Eating our way to a healthy planet: Can how we eat help reduce climate change?

Agriculture and livestock production are often named as major contributors to climate change and other environmental problems such as poor air quality, polluted water supplies and degraded land. There is some truth in these accusations, but the blame needs to be focused on the way that the food is being produced, not the food itself.

This realization can help consumers make decisions about buying and eating food that actually sustains our environment, instead of hurting it.

Allan Savory, a Zimbabwean farmer, rancher, game warden and biologist, will talk about how a holistic approach to food production can bring the land back to life while increasing the amount of carbon sequestered in the soil. His nature-based approach to livestock production is sustainable for farmers and ranchers because it improves land productivity without compromising the long-term viability of the resource base.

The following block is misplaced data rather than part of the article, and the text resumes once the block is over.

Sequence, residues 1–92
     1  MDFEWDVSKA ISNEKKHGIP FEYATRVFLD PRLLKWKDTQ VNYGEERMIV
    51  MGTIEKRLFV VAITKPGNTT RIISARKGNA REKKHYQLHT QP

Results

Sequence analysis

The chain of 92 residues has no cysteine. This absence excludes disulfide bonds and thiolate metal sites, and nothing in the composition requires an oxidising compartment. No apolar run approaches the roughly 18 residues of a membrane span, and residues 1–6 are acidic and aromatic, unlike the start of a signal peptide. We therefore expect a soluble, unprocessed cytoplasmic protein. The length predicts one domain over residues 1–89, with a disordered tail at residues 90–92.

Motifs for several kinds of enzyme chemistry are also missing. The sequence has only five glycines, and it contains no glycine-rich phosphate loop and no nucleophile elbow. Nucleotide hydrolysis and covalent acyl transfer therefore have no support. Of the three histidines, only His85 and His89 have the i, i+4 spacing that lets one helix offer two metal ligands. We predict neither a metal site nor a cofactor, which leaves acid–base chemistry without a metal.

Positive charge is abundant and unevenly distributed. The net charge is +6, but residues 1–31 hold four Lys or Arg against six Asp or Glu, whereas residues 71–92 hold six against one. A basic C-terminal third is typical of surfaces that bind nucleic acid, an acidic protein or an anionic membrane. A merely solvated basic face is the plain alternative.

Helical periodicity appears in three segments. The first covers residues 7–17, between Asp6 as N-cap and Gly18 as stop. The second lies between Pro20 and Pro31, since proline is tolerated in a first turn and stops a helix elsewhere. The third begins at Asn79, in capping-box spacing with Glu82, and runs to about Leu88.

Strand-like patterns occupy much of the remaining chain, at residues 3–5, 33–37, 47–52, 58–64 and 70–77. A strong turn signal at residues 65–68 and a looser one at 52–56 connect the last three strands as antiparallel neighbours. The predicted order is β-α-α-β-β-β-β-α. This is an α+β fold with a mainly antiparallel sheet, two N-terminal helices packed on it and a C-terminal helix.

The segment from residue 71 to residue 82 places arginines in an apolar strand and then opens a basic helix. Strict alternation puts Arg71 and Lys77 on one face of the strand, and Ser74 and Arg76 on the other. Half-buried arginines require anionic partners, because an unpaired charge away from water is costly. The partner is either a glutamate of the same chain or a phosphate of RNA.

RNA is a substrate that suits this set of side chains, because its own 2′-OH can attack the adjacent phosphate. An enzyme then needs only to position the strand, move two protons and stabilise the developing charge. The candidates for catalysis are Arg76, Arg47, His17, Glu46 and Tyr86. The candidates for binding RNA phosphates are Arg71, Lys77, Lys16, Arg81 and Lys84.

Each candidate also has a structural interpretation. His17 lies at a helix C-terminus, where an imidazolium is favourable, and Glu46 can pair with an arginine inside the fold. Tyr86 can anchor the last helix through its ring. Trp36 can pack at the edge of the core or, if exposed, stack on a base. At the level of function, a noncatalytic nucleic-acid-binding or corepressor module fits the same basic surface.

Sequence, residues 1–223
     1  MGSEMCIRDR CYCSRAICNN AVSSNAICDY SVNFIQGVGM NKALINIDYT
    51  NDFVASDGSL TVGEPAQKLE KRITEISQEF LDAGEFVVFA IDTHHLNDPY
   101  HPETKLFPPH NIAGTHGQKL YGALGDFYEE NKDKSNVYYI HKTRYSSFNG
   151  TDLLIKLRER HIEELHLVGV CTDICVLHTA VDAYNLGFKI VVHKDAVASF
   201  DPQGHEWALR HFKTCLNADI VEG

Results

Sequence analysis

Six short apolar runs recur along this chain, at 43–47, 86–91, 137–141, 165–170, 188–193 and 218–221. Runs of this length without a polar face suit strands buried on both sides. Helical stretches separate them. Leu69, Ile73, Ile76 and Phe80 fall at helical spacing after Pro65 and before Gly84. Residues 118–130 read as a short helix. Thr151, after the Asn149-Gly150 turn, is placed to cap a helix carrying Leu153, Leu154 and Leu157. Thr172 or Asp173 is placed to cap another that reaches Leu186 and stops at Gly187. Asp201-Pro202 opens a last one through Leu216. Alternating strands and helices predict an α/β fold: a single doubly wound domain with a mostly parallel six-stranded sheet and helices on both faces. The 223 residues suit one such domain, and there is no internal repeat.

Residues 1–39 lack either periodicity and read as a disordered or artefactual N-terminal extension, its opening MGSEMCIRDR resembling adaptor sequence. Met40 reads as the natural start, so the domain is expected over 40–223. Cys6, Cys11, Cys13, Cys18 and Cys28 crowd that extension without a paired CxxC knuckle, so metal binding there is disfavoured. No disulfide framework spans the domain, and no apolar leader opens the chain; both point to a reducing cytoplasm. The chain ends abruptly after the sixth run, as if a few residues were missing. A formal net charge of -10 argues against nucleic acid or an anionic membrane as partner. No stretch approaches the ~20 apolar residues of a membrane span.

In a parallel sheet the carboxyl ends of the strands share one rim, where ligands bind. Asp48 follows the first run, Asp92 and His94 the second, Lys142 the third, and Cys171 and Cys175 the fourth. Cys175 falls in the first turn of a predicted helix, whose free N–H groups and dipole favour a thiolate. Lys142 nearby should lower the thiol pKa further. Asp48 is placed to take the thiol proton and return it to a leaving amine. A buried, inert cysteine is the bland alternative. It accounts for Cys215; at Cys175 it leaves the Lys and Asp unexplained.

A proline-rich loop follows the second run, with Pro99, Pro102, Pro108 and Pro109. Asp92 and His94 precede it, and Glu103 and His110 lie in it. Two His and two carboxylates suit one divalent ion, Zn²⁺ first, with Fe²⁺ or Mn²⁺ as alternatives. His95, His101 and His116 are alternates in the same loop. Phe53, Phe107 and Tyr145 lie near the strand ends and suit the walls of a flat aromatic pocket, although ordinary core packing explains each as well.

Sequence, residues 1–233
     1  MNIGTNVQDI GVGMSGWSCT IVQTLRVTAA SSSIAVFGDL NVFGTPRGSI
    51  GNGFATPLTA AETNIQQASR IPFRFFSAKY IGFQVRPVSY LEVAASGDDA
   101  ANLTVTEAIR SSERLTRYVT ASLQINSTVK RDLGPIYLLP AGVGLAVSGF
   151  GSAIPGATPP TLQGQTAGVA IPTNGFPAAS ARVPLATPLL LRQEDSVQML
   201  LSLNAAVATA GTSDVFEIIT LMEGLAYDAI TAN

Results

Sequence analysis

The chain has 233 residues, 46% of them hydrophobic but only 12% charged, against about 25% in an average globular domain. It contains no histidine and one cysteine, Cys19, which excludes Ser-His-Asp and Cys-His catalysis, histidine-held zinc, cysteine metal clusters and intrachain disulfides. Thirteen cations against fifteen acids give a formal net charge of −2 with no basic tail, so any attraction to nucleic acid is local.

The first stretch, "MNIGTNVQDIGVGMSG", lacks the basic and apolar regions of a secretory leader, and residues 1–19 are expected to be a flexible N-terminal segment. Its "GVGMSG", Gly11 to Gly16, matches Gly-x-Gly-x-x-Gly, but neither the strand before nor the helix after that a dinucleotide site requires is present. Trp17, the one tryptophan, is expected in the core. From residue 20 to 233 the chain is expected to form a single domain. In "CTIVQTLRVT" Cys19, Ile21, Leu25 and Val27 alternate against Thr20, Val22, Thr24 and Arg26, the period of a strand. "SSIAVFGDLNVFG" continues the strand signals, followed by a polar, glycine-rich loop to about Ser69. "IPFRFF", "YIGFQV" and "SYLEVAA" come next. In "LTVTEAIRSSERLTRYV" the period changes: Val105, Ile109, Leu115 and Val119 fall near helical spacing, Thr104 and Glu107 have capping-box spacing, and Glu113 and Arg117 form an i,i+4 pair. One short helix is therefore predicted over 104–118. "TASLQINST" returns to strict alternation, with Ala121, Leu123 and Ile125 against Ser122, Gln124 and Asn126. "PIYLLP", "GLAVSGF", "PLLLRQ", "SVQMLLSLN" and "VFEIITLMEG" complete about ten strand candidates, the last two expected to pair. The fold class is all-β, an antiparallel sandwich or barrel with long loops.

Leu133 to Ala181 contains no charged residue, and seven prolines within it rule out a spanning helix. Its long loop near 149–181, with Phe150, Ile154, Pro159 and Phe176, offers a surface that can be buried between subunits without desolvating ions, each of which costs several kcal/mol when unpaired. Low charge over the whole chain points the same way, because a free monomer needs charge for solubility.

Savory wil discuss how consumer behavior can create market pulls that wil result in large-scale changes in how food is produced which in turn can greatly reduce the impacts of climate change. These decisions can make a difference in the health of our planet and people who live on it.

Grant Information

  • Project ID: 115
  • Project Status: Complete



Additional Funds Leveraged

Charged a $99 registration fee that covered the workshop and the keynote presentation. Keynote only registration fee was $15 in advance and $20 at the door


Participants were given a good introduction to Holistic Management and the tools to get started using the decision‐making process.
All of the participants provided their email addresses that will be used to provide new information about Holistic Management and the upcoming workshops.
The participants will be contacted in mid‐2013 to determine if they pursued additional training and/or adopted the holistic decision‐making process.